Though much of the world is reopening after pandemic-induced lockdowns, travel is still a tricky proposition these days, especially for trips deemed non-essential. But for mask-wearing city-dwellers desperate for a change of scenery, there are options within driving distance to blow off some steam – without rubbing elbows with too many strangers along the way.
From the sand dunes of southern California to the mountains of upstate New York, here are some of our favorite places near major metropolitan areas to shake off the dust – no boarding passes or overnight stays required.
1. Oceano Dunes: California
After months in quarantine, you might need to get the lead out, and not much fits the bill like hopping on an ATV and going off-roading. A few miles south of Pismo Beach, about three hours north of Los Angeles, the Oceano Dunes State Vehicular Recreation Area spans some 3500 acres of sand, two-thirds of which is a nature preserve home to rare shorebirds like the snowy plover and the California least tern. The remaining 1100 or so acres are fair game for thrill-seekers, with a number of outfitters renting ATVs, UTVs, and 4x4s for day use. Note, though, that the park is currently open to walk-in and bike-in traffic only – most of the SVRA will be closed to vehicle access through October 1.
2. Browns Canyon National Monument: Colorado
Two-and-a-half hours south of Denver is Browns Canyon National Monument, a remote 21,589-acre parcel of public land studded with granite cliffs and outcroppings, designated by President Obama just five years ago. The Arkansas River runs right through, and it’s a stretch tailor-made for whitewater rafting, allowing, as the Bureau of Land Management asserts, “visitors to experience solitude in a natural setting while enjoying the scenery.” The tiny towns of Buena Vista and Salida are gateways to water-based recreation in the area, and operators like River Runners and Browns Canyon Rafting run small-group trips for all skill levels, from mellow family floats to full-day rapids-packed adventures.
3. Speedvegas: Nevada
What’s more socially distant than strapping into your own super-speedy vehicle and taking to the road? On the outskirts of the gambling capital of the United States, Speedvegas boasts two high-performance racetracks: the first, a 1.5-miler with a dozen turns and corners and 60 miles of elevation change, and the second, a 1.4-mile off-road course for trophy trucks, with 14 turns and eight jumps – one of which will have you airborn at heights of 20ft or more. You can sit behind the wheel and handle the driving yourself, or buckle up for a ride-along – either way, there are no speed limits here, so you can cruise as fast as you like.
4. Saginaw Bay Birding Trail: Michigan
Spring and fall are peak seasons for bird-watching, but our feathered friends aren’t completely absent during the summer months. On the eastern shore of Lake Huron, Michigan’s 142-mile Saginaw Bay Birding Trail shelters an assortment of species in its woodland, wetland, shoreline, and grassland habitats, from the blue-winged teal to the black-crowned night heron. It’s one of the few spots east of the Mississippi where you might catch yellow-headed blackbirds in nesting mode, and one of the only places in the country where the rare Kirtland’s warbler makes its home. Just keep your eyes peeled: A few years back, the team here identified 154 species in one 24-hour period, so you never know what you’ll find.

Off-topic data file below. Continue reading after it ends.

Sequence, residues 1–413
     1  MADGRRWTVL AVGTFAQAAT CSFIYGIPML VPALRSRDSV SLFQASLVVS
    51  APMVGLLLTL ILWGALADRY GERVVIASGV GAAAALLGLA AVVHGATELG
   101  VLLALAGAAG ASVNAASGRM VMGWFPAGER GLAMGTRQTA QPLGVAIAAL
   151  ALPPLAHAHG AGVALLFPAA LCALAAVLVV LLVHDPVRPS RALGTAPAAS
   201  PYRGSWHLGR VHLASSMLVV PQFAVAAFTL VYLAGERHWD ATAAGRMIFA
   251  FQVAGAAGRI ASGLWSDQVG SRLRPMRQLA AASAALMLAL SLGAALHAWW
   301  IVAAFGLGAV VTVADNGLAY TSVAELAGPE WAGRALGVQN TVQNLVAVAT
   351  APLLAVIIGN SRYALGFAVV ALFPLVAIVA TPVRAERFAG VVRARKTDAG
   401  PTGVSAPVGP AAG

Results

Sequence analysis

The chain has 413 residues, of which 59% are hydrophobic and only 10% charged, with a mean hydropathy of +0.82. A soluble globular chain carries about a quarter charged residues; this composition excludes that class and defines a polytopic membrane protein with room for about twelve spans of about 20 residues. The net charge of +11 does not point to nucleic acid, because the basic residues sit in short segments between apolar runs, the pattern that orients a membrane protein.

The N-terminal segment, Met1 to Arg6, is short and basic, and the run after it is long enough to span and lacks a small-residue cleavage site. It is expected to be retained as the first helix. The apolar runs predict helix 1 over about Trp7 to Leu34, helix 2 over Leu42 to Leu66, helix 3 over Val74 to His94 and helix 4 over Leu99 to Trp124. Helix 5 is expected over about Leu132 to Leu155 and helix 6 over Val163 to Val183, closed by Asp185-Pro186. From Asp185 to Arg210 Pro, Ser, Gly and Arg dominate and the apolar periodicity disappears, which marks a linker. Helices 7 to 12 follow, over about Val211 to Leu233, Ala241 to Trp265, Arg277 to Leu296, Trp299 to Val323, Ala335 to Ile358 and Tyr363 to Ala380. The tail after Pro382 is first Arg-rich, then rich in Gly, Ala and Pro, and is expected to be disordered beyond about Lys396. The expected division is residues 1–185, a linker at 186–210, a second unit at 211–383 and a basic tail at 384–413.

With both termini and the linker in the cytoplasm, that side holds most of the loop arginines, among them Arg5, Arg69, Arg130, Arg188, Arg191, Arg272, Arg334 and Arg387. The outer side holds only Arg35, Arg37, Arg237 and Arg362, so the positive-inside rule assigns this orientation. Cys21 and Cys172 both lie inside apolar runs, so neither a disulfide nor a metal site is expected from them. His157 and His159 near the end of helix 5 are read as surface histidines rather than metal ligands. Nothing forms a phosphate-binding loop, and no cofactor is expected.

5. Samuel Boardman State Scenic Corridor: Oregon
Thanks to Haystack Rock and its iconic silhouette, Cannon Beach is one of the most prominent stops on the Oregon coast, and it’s well worth a visit during normal times – but given its popularity, perhaps not the best choice of destinations during a pandemic. Instead, consider one of the region’s lesser-traveled state parks. About five hours south of Portland, near the California border along Highway 101, Samuel H Boardman State Scenic Corridor offers secluded beaches and picnic spots, unique offshore rock formations, and multiple access points to an 18-mile chunk of the Oregon Coast Trail. Trails, viewpoints and beaches are open, as are vault toilets, but visitors are asked to pack out trash and turn around if it’s crowded.
6. Lake Placid: New York
Nestled in New York’s Adirondacks, the village of Lake Placid was the site of the 1932 and 1980 Winter Olympics, and there’s lots to do in summertime as well. At the Olympic Sites, where masks are required for entry, Mt. Van Hoevenberg has some 18 miles of cross-country biking trails and more than 27 miles of hiking trails in varying degrees of difficulty, and the Olympic Jumping Center’s gondola and zipline are both open. A 2.7-mile loop encircles Mirror Lake, which anchors the community with shops and restaurants, not to mention swimming, boating, and stand-up paddleboarding in pristine mountain waters.
7. Dahlonega, Georgia
For East Coast imbibers dreaming of California wine country, there’s a respectable substitute right in their own backyard. An hour north of Atlanta in the North Georgia mountains, the Gold Rush town of Dahlonega is the lynchpin of the state’s thriving viticulture scene, with 12 tasting rooms and nine wineries, plenty of which have outdoor seating. Hit the surrounding Chattahoocheee-Okonee National Forest for hiking and waterfall-chasing, then take a leisurely ride along the 39-mile wine trail – with a designated driver, of course – to sample the regional bounty.